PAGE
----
There’s London, New York, and Hong Kong, of course. More recently, Miami and Singapore have made strong cases as emerging financial hubs. And now — Abu Dhabi?
In April, one of the hedge fund industry’s biggest names, the billionaire investor and Bridgewater Associates founder Ray Dalio, announced he was opening a branch of his family office in the the UAE capital city as part of his wider push into the Middle East. And in recent years, Abu Dhabi has successfully attracted the attention of other top financial firms. Billionaire Alan Howard, the co-founder of Brevan Howard Asset Management, has sung the praises of the hub in the UAE, having also opened an office there earlier this year.
H.E. Ahmed Jasim Al Zaabi, chairman of the Abu Dhabi Department of Economic Development (ADDED), told Fortune CEO Alan Murray that he clearly agrees. Speaking at Fortune’s Global Forum 2023 on Tuesday, Al Zaabi said that he expects Abu Dhabi to wear the region’s financial crown in the next two to three years.
After that, the goal will be to take on the likes of London and New York—tied for first place in the City of London Corporation’s annual benchmarking study—as well as emerging cities like Miami, which has enjoyed a surge of interest as it has continued to attract billionaire names and investment—most recently Jeff Bezos, with reports surfacing shortly after that Amazon is on the hunt for office space in the Florida city.
Al Zaabi is confident in his city’s ability to compete, saying the area has “all the attributes” needed to become a major global financial hub.
“We’re the safest city in the world, we’ve got amazing infrastructure, we’ve got progressive regulators and progressive regulations in general,” Al Zaabi said. “I think it’s only logical for the financial center of Abu Dhabi to become one of the biggest.”
He added: “We’re on a trajectory regionally [to] probably be one of the biggest if not the biggest in the next two to three years. Of course that will [then] be competing globally on that first place and I think we’re on track to do so.”
“Very famous names” such as Ray Dalio—who will appear at Fortune Global Forum on Nov. 28—and bluechip firms are only adding to this outlook, Al Zaabi continued: “Big names are already [here] and are on track to be [here] soon.”
‘Regulators never listen’
For Howard, whose fund holds more than $35 billion in assets, according to Bloomberg, the attractiveness of the Middle East comes down to it being, well, in the middle of everything: “You can see the [Bank of Japan] beginning of the day and at the end of the day you can see the Fed.”
For Al Zaabi—who is also chairman of Abu Dhabi Global Market (ADGM)—a major advantage is the relationship he established with regulators early on in his tenure, which began in 2021.
“It’s very simple. My problem with regulators before I became the chairman of the financial center is they never listen, regulators never listen,” he said. “So the first thing I did when I stepped into the financial center is sit with the regulators and say: ‘I want you guys to listen to the market and accordingly work towards regulations or deregulations vis a vis what the market is asking for.”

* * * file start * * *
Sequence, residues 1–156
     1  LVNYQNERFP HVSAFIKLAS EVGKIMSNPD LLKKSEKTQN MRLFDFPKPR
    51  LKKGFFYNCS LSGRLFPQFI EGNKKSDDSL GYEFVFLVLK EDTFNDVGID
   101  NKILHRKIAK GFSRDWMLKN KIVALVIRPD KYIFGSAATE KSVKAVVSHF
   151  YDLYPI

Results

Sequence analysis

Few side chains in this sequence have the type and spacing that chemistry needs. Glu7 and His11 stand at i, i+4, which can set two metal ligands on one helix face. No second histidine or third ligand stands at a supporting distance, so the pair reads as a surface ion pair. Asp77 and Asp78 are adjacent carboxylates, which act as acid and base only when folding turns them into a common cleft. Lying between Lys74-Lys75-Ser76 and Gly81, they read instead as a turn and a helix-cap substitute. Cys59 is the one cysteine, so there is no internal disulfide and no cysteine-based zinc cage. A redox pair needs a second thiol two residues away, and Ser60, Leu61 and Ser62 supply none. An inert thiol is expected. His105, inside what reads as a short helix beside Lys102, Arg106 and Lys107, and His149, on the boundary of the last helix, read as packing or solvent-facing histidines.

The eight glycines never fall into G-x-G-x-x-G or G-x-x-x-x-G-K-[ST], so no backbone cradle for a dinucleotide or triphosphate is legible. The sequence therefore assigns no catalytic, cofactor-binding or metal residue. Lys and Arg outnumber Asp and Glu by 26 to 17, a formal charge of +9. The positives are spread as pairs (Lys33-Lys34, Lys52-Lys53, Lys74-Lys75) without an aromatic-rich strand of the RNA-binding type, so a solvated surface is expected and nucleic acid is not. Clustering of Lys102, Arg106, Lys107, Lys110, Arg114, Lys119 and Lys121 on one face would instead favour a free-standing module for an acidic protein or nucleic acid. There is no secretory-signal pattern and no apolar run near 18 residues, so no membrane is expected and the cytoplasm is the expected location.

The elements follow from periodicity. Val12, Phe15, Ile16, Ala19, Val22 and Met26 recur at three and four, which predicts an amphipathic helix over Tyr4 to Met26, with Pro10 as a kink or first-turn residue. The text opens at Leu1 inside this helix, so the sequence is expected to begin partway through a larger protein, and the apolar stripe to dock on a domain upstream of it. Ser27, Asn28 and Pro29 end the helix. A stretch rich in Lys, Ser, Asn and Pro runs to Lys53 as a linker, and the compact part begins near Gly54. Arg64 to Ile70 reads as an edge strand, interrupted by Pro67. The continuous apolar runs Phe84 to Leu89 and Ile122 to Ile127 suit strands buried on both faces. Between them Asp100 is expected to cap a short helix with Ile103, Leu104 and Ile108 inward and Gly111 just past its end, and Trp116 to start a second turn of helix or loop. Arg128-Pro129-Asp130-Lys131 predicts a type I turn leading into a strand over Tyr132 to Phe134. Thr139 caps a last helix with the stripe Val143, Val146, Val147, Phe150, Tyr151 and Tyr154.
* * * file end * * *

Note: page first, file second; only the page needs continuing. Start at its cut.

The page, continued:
Abu Dhabi’s fresh approach is certainly paying off. Over the past three decades construction has boomed across the largest emirate in the United Arab Emirates.
With the growth has come big Western names as well as major regional players. JPMorgan Chase opened its office in Abu Dhabi in 2010, joining Citigroup which had been in situ since the 1970s. Goldman Sachs announced earlier this year it would be opening its first office in Abu Dhabi, pending final regulatory approval.
The no-nonsense relationship with regulators formed a major part of what has made Abu Dhabi so attractive, Al Zaabi added: “That made a big difference in how people perceive the ADGM and why it became so attractive.
“I think that’s why we’ve grown exponentially and we’ve been doubling every year.”
A custom court system
To support the influx of powerful customers making their way to Abu Dhabi, stakeholders also invested in a bespoke court system practicing in an English Common Law jurisdiction. A common law jurisdiction ensures continuity across multiple countries, as courts operate under the same statutes set out by previous English cases, rulings, and legislation, collectively known as common law.
Similarly to counterparts in Singapore and Hong Kong, ADGM also established a hybrid common law court which in turn is attracting legal talent to the region.
“My belief is we’ve got the best bench of judges worldwide, and that bench is getting stronger and stronger,” Al Zaabi explained. “It’s attracting a lot of the best judges in the world.”
As a hybrid court, relevant parties can also appear either in-person or virtually, meaning the authority didn’t skip a beat during COVID.